Lent is the 40 days, not counting Sundays, before Easter. These Scripture readings, fun activities, discussion points and hymns to read or sing will help your family focus on the most pivotal Christian truth: Christ died and rose to save us from sin!
- Ash Wednesday, the first day of Lent, gets its name from an ancient tradition of throwing ashes on one's head to demonstrate sorrow for sins. Explain to your child that Lent is not a time to be gloomy, but a time to consider how much we need the salvation that Christ secured for us. If your church doesn't have an Ash Wednesday service, consider taking an older child to visit another church.
- Buy an Easter lily for your home. The lily symbolizes new life because something so strikingly fragrant and beautiful grows from a lifeless-looking bulb.
- Paint a spring mural. Put up a wall-sized piece of paper, tape newspaper to the floor, dress your child in old clothes and get out the paints! Even if it's not greening up outside, you can start springtime indoors.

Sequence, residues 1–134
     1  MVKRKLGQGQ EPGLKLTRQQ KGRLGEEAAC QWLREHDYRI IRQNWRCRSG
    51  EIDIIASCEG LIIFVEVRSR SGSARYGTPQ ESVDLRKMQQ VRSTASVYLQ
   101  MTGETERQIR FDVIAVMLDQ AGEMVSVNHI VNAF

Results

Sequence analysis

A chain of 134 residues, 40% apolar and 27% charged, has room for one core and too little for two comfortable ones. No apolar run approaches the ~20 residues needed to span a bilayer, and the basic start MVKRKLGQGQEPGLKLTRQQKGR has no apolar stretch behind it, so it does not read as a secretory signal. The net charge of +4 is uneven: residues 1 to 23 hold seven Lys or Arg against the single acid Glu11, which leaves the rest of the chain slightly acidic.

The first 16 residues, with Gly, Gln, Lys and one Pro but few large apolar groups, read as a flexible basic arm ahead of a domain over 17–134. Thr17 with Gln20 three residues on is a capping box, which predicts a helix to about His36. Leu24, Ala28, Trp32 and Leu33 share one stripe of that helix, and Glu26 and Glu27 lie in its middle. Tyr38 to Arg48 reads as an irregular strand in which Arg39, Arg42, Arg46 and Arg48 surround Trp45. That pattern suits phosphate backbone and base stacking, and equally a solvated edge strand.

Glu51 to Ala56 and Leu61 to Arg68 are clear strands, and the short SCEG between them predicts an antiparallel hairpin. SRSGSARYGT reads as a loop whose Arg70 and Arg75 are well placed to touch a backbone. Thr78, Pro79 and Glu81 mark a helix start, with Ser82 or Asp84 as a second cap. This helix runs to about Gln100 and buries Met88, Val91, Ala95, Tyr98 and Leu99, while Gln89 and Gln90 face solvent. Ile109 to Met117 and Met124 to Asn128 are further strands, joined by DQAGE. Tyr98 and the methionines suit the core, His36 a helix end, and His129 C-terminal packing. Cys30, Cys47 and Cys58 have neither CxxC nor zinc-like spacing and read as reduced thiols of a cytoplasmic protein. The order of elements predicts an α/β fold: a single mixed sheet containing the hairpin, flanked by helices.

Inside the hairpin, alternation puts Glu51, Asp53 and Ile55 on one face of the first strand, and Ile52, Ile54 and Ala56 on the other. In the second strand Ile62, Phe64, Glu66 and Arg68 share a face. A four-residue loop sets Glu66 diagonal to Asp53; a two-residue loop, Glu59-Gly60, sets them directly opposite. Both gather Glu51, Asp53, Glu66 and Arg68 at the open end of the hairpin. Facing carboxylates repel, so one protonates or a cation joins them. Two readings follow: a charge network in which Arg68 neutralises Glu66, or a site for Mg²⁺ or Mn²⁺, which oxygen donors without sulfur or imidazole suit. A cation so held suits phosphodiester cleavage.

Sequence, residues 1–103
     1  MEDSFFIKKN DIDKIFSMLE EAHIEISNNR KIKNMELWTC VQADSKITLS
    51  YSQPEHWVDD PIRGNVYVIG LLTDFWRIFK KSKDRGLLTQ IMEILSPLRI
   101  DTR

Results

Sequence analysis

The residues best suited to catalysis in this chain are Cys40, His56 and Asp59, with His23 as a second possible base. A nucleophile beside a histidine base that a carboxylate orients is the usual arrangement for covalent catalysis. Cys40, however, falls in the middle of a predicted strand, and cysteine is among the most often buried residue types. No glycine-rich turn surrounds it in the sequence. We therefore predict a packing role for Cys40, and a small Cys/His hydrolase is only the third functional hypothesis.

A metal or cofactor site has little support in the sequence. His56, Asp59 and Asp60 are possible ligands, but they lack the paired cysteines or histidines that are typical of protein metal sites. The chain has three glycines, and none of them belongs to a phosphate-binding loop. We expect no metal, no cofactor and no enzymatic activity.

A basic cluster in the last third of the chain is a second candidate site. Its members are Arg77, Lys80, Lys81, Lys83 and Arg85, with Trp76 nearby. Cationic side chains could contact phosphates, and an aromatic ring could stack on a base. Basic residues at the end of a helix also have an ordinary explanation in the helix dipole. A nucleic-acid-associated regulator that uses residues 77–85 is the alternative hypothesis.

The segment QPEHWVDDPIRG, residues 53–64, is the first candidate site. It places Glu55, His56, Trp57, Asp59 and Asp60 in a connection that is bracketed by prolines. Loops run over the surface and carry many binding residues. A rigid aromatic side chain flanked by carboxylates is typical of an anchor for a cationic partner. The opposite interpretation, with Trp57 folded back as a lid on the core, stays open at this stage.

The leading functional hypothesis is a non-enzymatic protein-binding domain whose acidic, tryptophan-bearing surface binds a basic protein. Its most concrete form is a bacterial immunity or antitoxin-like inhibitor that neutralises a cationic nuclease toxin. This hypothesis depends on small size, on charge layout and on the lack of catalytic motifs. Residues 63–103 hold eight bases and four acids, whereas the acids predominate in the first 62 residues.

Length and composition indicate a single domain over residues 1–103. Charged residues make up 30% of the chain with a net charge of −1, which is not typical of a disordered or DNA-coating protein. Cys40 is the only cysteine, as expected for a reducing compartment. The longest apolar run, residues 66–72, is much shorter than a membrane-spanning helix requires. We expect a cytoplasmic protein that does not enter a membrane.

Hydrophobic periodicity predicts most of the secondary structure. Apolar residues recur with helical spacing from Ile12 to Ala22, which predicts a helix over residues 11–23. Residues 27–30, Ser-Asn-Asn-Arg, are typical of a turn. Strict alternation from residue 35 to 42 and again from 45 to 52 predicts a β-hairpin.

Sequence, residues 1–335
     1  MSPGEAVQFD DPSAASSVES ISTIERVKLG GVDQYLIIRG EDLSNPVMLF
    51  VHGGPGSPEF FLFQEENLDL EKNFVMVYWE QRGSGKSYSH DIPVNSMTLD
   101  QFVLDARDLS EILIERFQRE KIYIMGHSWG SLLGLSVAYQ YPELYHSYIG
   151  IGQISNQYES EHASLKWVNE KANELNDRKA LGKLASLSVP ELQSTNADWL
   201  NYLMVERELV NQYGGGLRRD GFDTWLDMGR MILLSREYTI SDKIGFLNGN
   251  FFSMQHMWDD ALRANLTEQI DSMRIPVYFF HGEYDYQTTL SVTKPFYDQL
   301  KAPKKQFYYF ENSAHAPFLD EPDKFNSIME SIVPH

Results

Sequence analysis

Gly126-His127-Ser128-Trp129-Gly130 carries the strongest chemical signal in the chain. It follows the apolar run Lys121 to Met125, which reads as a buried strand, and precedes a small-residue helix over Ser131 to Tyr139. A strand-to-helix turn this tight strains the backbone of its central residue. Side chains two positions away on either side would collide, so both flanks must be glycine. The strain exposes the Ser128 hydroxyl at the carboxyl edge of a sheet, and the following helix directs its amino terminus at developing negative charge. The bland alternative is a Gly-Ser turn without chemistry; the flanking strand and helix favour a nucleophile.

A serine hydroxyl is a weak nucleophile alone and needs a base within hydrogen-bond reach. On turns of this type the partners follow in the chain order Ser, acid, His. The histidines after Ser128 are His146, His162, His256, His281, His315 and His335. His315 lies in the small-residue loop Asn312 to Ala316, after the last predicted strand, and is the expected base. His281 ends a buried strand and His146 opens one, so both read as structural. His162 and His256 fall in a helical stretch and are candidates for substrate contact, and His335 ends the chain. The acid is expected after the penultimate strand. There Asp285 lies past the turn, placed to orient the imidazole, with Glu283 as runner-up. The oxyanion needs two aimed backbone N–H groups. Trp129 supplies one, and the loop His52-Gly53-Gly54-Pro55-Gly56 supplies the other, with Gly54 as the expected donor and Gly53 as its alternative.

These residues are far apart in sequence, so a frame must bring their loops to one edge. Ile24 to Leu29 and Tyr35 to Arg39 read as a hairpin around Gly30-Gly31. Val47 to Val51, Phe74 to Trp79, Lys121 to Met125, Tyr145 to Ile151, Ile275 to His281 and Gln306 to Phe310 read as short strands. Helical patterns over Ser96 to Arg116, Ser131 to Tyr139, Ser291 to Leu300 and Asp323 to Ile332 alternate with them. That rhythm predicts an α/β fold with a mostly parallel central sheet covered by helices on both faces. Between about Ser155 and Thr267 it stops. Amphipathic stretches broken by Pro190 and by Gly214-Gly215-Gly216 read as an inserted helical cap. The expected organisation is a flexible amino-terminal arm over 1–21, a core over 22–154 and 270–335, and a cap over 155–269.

- Take a "new life walk" outdoors, searching out tiny shoots, sprouting buds on trees and eggs in birds' nests.
- The season of Lent alternates times of remembering Christ's suffering with celebrating the Resurrection (every Sunday during the season). Adopt a European tradition and collect bells you have around the house (jingle bells from Christmas?) to ring on the Sundays of Lent.
- Lent is traditionally a season for "giving up" as a symbolic, outward act of identifying with Christ's suffering. Your child may want to choose something to "sacrifice" for the 40 days of Lent?trips to McDonald's, after-school TV, chocolate.
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